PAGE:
DON’T wait until the last minute: networking is not an on-off switch and should be approached like a marathon, not a sprint. Building relationships, scheduling coffee chats, etc. takes time. So, start early – like now! Give yourself space to follow-up with your new contacts and keep in touch with them throughout the process. Waiting until two days before the deadline to reach out to a current student with a list of questions whose answers you will plug into your “why school X” essay will not do you any favors.
DON’T ask basic or shallow questions: when you’ve finally nailed down that coffee with an alum from your dream school, don’t waste their time asking questions with answers you could easily find on your own. Instead, come with thoughtful questions whose answers will truly further your understanding of how the school fits with your goals and objectives. (Here’s a more comprehensive school selection tool if you’re just getting started.) You want the other person to be impressed with your level of research because who knows, they may end up being an advocate for your candidacy if they also feel like you’re the right fit for their school!
DON’T be disrespectful or ungrateful for the other person’s time: MBA students, alums, representatives from admissions, etc. are all very busy and while they’re happy to help, it takes effort on their part. So be sure to express your gratitude for their time and input. If they tell you they can only spare 20 minutes, remain vigilant of the time and wrap up accordingly. Those manners will go a long way in leaving a good impression.
How To Get Started Networking
With all that said, there’s really isn’t a wrong way to start building your network. In thinking about what the ideal network looks like, it’s comprised of current students and/or alums from your target schools, colleagues/former classmates/mentors, etc. with MBAs, and people in your target post-MBA industry/function. (Note that these three categories are not mutually exclusive – most likely one person will fall into more than one bucket.)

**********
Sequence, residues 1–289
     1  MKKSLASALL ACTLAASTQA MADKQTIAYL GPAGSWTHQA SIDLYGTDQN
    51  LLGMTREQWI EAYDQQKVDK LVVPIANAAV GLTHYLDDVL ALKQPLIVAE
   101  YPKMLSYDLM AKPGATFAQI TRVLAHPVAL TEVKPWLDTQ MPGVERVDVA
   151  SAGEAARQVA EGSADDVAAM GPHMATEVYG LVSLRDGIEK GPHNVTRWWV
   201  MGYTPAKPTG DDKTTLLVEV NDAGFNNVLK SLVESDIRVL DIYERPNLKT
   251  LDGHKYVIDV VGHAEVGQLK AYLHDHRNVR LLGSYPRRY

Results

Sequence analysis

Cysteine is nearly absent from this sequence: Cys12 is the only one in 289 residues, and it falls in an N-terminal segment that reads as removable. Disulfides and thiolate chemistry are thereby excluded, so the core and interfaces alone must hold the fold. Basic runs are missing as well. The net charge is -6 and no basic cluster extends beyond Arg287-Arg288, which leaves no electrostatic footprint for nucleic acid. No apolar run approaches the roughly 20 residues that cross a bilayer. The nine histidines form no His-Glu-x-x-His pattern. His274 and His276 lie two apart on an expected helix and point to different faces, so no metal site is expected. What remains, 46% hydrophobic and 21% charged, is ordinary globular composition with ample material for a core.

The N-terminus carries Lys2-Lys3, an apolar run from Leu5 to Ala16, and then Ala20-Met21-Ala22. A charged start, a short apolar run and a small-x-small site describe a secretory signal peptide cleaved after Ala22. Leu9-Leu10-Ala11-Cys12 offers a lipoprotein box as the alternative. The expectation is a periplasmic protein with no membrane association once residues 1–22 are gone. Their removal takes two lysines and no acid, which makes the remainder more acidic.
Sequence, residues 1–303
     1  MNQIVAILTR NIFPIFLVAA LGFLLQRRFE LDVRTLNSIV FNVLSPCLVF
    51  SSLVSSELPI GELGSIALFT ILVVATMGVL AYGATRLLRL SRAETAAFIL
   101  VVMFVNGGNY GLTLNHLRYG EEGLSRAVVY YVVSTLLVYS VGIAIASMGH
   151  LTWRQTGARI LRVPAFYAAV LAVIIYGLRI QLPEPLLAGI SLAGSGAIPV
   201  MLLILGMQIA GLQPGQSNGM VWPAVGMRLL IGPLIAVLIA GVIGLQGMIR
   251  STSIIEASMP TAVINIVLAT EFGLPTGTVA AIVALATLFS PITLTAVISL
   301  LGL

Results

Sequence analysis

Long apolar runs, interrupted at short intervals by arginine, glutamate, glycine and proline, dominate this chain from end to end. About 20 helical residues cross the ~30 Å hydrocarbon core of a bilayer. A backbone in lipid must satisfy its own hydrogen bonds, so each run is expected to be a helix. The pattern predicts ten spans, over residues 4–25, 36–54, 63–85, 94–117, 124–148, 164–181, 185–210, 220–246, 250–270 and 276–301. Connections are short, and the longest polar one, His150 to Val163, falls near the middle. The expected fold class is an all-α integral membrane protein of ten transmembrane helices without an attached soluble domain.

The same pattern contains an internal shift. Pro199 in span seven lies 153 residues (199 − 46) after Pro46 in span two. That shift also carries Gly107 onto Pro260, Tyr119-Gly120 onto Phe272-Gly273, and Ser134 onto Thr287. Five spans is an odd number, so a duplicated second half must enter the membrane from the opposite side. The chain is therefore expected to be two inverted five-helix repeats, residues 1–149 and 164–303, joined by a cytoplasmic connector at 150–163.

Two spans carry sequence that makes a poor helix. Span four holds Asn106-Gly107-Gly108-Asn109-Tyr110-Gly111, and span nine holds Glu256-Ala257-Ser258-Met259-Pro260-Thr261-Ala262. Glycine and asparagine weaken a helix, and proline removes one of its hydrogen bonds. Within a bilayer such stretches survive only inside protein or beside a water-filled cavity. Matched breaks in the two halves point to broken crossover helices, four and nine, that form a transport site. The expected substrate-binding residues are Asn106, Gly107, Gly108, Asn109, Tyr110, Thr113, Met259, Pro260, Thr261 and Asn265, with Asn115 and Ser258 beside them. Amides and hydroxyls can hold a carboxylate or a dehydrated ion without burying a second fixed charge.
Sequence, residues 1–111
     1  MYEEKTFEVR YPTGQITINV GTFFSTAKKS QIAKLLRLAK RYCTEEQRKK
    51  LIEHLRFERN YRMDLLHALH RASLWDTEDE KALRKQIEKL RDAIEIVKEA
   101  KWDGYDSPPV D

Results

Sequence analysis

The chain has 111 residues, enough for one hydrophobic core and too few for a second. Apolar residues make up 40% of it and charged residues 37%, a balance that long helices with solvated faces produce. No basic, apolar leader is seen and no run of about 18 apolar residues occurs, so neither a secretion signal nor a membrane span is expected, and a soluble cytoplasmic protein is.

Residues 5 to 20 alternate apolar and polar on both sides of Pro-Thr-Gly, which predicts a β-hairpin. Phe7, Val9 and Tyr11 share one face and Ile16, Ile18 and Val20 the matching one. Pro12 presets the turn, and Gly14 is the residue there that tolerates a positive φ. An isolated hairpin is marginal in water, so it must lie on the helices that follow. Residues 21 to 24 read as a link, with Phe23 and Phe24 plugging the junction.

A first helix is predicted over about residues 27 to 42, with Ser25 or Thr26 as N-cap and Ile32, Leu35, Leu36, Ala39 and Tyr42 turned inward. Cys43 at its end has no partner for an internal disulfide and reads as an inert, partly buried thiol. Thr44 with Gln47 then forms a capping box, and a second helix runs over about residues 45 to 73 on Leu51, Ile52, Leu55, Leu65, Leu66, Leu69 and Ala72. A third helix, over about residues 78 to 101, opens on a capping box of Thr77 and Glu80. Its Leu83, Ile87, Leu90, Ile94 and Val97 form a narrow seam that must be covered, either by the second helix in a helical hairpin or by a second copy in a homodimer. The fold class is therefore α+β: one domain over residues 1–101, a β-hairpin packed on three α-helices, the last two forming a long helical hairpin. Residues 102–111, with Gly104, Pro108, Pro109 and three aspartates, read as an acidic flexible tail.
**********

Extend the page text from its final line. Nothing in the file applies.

An easy place to start is with your existing network – people from work, undergrad, personal circles, etc. who have MBA’s or are somehow connected to an MBA program. Make a list of these individuals and start reaching out to them for a Zoom chat, after-work cocktail, etc. Be present during these conversations and take mental note of what you discussed. If you chatted about a particular current event or recent trend in your industry, for example, send that person an article on the relevant topic a couple of weeks later to show that you give as well as receive. After each meeting, be sure to ask that person to connect you with someone else from his/her network who could be helpful in your application process. Then repeat.
Lastly, you can take advantage of third-party platforms and events to further build out your network. LinkedIn, MBA forums (reddit, GMAT Club, Beat the GMAT, etc.), and formal networking events (Poets & Quants’ CentreCourt Festival is October 3rd & 4th; Access MBA has some great in-person events in various cities in the next month or two) are all great places to engage if you feel like your network is a bit sparse.
So, Do MBA Programs Care if You Visit?
Even if some of the folks above are current students or graduates from your target schools, you should also plan to engage with the schools directly. A great way to do this is through a campus visit, ideally coordinated through the school so you have a chance to sit in on a class and meet current students in addition to sitting through a presentation from admissions.
If a school visit isn’t possible, plan to attend at least one virtual information session or webinar. These are great opportunities to hear what the schools believe are their selling points while giving you a chance to ask questions. Current students as well as representatives from admissions typically host these events so it’s a great time to initiate a dialogue with a few of them. Those conversations could even turn into a follow-up meeting or call, depending on how well you connect.
Not only will engaging with the schools in as many ways as possible help you determine which programs are the right fit for you and why, but it indicates to the admission committee that you’re serious about their program and have made the effort to get to know it. Some schools make this a critical part of their admissions decisions so it’s worth putting in the time (i.e., more is more!).
It’s ultimately up to you to find your own personal style of networking that makes you feel comfortable and authentic, but rest assured that doing this right will only contribute to stronger applications.